Hawaii was the first U.S. possession to become a major destination for immigrants from Japan, and it was profoundly transformed by the Japanese presence.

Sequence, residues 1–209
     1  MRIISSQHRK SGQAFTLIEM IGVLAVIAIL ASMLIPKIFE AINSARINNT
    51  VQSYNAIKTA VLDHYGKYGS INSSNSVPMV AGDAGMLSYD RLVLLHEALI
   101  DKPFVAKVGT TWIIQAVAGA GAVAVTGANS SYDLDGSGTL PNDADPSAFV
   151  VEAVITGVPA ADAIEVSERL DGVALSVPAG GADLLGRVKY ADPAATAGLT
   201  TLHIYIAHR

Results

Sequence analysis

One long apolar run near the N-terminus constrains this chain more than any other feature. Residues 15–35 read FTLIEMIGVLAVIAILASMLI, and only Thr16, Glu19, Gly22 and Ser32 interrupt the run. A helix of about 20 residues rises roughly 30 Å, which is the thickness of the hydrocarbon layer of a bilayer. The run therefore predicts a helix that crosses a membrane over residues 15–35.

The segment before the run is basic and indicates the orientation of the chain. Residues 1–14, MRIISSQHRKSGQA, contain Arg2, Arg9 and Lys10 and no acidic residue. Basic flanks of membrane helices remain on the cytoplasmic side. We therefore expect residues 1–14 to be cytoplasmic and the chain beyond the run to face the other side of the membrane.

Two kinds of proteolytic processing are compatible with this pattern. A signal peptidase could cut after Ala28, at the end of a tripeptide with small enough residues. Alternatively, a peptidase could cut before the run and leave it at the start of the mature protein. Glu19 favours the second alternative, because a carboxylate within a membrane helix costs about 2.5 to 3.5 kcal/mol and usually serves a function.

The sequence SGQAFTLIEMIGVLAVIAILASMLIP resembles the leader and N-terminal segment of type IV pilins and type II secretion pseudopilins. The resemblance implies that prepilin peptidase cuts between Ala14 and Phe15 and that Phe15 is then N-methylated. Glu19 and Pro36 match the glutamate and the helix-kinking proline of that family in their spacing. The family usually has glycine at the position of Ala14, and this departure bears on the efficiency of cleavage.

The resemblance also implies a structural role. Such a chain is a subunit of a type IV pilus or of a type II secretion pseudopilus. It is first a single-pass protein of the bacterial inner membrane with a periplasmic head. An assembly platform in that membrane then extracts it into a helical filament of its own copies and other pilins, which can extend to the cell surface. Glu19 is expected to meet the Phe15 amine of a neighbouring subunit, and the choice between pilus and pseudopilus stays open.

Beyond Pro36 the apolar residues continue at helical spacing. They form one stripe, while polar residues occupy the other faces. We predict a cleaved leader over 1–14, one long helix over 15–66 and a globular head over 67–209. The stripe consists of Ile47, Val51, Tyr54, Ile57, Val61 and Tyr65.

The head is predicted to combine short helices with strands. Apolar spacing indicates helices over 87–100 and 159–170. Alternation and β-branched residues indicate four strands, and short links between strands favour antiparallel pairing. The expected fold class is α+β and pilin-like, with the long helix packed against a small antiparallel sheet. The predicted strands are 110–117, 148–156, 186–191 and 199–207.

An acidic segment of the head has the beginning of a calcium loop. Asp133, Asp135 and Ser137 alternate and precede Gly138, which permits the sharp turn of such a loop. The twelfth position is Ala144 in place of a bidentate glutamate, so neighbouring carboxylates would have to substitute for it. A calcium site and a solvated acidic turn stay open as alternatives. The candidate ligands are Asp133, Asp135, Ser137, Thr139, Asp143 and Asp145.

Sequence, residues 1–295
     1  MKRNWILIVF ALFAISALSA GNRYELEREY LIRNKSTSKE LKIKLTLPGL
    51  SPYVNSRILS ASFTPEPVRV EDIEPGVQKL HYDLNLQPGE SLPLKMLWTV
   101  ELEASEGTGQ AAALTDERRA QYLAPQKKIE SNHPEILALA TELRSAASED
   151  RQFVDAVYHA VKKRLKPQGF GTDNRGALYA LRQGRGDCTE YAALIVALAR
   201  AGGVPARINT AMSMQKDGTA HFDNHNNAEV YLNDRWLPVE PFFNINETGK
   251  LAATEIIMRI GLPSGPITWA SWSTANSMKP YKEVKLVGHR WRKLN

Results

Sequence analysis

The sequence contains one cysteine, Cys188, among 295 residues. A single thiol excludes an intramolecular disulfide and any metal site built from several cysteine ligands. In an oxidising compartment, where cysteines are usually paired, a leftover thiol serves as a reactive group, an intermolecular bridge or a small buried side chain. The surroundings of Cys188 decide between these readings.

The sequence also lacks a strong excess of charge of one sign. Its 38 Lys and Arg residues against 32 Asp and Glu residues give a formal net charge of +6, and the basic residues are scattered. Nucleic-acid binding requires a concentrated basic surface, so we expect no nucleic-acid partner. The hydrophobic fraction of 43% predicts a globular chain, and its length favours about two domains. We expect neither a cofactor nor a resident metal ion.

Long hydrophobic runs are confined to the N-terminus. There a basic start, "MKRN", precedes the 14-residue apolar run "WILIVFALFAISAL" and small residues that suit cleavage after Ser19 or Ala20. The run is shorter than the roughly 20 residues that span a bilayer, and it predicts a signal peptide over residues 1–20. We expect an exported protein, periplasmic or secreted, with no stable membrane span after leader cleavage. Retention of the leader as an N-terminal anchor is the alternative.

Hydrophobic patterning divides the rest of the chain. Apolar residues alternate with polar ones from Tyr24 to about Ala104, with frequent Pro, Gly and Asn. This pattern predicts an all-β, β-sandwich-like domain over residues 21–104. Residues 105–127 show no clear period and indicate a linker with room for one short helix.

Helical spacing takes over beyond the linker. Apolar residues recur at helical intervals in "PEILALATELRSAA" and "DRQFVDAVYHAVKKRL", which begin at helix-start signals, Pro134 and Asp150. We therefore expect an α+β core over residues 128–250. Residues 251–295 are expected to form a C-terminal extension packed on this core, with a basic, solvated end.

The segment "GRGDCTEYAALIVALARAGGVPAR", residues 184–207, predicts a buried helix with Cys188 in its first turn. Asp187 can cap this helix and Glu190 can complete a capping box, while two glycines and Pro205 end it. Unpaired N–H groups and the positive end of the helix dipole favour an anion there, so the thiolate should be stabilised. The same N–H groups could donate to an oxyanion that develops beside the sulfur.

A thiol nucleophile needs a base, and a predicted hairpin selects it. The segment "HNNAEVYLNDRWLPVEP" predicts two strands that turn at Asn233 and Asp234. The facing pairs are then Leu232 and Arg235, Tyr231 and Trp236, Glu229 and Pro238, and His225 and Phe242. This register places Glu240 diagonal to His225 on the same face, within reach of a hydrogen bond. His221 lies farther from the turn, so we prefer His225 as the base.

In the 1880s, Hawaii was still decades away from becoming a state, and would not officially become a U.S. territory until 1900. However, much of its economy and the daily life of its residents were controlled by powerful U.S.-based businesses, many of them large fruit and sugar plantations. Unlike in the mainland U.S., in Hawaii business owners actively recruited Japanese immigrants, often sending agents to Japan to sign long-term contracts with young men whod never before laid eyes on a stalk of sugar cane. The influx of Japanese workers, along with the Chinese, Filipino, Korean, Portuguese, and African American laborers that the plantation owners recruited, permanently changed the face of Hawaii. In 1853, indigenous Hawaiians made up 97% of the islands population. By 1923, their numbers had dwindled to 16%, and the largest percentage of Hawaiis population was Japanese.